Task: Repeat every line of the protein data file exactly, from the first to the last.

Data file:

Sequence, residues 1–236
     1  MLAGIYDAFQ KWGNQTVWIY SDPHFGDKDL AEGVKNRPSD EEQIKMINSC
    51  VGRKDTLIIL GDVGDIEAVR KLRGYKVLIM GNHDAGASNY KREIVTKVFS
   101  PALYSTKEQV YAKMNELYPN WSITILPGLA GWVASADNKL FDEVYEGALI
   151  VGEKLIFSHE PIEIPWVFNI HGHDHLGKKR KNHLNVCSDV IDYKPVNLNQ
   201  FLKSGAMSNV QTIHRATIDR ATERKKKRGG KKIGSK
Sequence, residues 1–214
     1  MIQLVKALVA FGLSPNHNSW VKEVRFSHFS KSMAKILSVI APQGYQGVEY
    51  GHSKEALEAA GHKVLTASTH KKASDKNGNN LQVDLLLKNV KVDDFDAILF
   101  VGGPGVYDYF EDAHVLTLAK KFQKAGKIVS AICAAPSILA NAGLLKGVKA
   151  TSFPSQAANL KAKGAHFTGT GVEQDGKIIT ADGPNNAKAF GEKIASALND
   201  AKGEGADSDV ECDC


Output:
Sequence, residues 1–236
     1  MLAGIYDAFQ KWGNQTVWIY SDPHFGDKDL AEGVKNRPSD EEQIKMINSC
    51  VGRKDTLIIL GDVGDIEAVR KLRGYKVLIM GNHDAGASNY KREIVTKVFS
   101  PALYSTKEQV YAKMNELYPN WSITILPGLA GWVASADNKL FDEVYEGALI
   151  VGEKLIFSHE PIEIPWVFNI HGHDHLGKKR KNHLNVCSDV IDYKPVNLNQ
   201  FLKSGAMSNV QTIHRATIDR ATERKKKRGG KKIGSK
Sequence, residues 1–214
     1  MIQLVKALVA FGLSPNHNSW VKEVRFSHFS KSMAKILSVI APQGYQGVEY
    51  GHSKEALEAA GHKVLTASTH KKASDKNGNN LQVDLLLKNV KVDDFDAILF
   101  VGGPGVYDYF EDAHVLTLAK KFQKAGKIVS AICAAPSILA NAGLLKGVKA
   151  TSFPSQAANL KAKGAHFTGT GVEQDGKIIT ADGPNNAKAF GEKIASALND
   201  AKGEGADSDV ECDC